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Acacia to trim down Bulyanhulu gold mine operations in Tanzania

EBR Staff Writer Published 05 September 2017

Acacia has revealed its intentions to cut down its operations in the Bulyanhulu gold mine in Tanzania, a move that will affect 2,000 employees and contractors.

The London-based gold mining firm said that the gold and copper concentrate export ban imposed by Tanzania in March has impacted nearly 35% of its year-to-date group production. As a result, it said that ordinary course operations at the Bulyanhulu gold mine in the Shinyanga Region have become unsustainable.

Acacia has seen a build-up of about $265m of concentrate inventory in the African country.

It says that despite taking several actions to mitigate the lost revenue, there has been a considerable cash outflow of around $210m so far this year.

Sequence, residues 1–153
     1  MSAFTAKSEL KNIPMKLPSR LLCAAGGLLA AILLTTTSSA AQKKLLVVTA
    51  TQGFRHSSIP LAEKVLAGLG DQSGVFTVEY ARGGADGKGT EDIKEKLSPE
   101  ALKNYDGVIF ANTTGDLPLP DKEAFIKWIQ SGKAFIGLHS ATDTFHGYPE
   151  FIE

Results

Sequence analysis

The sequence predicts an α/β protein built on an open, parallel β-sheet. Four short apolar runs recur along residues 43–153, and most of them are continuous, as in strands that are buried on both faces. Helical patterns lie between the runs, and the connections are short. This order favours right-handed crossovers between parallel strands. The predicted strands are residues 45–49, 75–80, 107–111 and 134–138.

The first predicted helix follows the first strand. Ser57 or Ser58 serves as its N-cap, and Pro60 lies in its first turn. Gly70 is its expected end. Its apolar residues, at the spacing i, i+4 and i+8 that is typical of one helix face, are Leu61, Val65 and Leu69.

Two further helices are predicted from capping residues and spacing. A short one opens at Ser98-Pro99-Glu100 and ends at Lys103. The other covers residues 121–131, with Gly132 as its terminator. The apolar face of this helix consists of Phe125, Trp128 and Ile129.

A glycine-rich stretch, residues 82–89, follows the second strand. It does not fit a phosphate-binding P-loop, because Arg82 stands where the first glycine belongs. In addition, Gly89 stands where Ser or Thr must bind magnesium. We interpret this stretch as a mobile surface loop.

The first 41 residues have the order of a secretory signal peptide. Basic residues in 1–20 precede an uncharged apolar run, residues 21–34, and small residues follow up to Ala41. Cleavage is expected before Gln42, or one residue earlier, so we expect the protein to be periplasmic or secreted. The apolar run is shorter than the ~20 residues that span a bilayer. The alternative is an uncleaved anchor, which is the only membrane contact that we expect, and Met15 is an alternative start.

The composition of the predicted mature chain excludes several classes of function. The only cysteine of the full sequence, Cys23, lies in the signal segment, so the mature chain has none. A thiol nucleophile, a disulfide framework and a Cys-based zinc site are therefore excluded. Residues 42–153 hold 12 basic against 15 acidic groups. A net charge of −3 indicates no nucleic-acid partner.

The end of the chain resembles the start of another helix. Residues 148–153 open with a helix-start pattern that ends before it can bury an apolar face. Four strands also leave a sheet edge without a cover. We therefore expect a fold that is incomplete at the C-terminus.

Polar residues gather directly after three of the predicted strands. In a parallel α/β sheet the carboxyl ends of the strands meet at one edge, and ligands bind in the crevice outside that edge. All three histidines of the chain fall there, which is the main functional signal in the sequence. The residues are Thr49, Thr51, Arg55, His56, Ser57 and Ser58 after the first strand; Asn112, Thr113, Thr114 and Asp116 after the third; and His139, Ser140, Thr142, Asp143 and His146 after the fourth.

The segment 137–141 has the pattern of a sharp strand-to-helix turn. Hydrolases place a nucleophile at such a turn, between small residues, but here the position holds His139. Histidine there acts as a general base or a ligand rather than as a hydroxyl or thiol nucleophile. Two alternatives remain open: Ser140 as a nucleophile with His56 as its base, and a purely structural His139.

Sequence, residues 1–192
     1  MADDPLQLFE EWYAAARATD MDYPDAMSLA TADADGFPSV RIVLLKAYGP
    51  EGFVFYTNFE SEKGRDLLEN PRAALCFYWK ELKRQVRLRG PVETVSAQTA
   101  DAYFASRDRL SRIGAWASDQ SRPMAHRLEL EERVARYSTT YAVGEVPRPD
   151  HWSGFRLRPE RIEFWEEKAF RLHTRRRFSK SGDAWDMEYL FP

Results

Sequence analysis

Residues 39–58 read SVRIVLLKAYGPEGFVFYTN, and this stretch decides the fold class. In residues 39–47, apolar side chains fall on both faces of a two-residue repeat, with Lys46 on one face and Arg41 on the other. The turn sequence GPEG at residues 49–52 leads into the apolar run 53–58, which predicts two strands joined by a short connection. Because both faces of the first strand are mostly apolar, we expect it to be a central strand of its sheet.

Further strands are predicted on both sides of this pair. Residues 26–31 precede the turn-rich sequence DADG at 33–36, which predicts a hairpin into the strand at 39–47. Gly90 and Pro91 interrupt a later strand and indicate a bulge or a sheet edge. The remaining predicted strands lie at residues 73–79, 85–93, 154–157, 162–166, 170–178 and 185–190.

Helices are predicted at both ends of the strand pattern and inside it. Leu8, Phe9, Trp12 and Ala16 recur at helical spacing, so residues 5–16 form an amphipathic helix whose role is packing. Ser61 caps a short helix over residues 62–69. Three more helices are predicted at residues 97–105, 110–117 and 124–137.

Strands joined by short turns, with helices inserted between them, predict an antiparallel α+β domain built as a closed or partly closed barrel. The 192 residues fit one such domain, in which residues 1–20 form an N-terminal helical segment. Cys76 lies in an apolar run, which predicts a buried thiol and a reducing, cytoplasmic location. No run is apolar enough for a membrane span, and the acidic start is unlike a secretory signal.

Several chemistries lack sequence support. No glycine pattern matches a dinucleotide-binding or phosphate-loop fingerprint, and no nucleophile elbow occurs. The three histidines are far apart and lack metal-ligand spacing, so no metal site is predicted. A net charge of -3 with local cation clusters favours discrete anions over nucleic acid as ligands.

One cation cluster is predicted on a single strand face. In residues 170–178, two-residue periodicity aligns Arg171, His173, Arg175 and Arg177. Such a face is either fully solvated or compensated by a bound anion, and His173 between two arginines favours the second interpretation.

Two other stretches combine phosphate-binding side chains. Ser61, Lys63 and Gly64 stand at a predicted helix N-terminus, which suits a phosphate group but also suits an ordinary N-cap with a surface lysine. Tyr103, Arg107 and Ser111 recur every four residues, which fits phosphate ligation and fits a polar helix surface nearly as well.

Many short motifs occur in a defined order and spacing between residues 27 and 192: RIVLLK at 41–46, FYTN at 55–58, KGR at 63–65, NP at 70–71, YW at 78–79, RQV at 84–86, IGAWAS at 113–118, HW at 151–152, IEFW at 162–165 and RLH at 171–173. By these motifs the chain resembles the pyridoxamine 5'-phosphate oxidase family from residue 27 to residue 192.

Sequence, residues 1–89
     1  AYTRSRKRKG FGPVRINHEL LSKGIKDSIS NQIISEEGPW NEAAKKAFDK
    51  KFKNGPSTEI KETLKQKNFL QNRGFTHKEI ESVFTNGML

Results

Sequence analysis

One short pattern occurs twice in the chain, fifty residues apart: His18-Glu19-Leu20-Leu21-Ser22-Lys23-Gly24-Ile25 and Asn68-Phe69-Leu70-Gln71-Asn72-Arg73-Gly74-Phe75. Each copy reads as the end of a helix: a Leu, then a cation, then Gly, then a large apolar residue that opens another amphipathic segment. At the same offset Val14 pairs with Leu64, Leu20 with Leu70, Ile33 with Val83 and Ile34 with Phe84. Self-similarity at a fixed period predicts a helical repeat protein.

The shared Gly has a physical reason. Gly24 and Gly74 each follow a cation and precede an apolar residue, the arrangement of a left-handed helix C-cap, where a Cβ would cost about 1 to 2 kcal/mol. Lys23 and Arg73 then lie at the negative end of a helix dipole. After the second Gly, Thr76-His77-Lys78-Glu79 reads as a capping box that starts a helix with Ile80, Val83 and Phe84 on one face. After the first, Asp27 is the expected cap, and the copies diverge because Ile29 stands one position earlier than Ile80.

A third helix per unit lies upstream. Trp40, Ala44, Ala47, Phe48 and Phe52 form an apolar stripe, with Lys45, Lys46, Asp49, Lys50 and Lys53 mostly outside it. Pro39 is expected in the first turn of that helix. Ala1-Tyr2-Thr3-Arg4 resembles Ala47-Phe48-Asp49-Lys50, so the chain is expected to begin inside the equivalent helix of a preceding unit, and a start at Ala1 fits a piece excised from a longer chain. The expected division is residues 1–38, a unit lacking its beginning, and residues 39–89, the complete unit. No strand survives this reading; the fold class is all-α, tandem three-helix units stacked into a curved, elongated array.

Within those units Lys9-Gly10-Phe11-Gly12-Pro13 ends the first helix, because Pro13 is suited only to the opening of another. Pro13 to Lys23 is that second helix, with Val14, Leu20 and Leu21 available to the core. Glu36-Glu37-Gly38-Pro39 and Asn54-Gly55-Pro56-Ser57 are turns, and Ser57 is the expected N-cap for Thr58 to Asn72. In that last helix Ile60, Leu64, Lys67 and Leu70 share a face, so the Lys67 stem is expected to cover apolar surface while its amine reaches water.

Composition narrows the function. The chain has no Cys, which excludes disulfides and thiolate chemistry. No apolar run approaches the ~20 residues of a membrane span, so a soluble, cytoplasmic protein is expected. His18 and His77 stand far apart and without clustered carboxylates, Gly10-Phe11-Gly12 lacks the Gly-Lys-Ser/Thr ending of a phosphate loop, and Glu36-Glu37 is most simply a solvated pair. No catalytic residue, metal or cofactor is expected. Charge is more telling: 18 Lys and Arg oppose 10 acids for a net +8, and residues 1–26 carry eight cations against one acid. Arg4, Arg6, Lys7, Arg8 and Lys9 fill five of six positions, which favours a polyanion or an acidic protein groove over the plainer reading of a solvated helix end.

Acacia has now launched a programme to cut down operational activity and costs at the Bulyanhulu gold mine to preserve the viability of its business in the long run.

The objective of the programme is to preserve all the assets and equipment. This will be done to make them ready for resuming ordinary course operations as soon as the export ban is lifted by the Tanzanian government along with the stabilization of the operating environment.

Acacia stated: “It is envisaged that the process of moving to a reduced operational state will be completed in three months and will include one-off costs of US$20-25 million in addition to the natural unwinding of around two months’ worth of working capital (approximately US$35-40 million).”

The gold miner revealed that as of now, its Buzwagi gold mine also in the Shinyanga Region will continue to operate in the ordinary course despite being impacted by the concentrate ban. This, it says is because of the remaining short mine life and the low impact it has on the group’s cash outflows.


Image: Operations at Acacia’s Bulyanhulu gold mine in Tanzania. Photo: courtesy of Acacia Mining plc.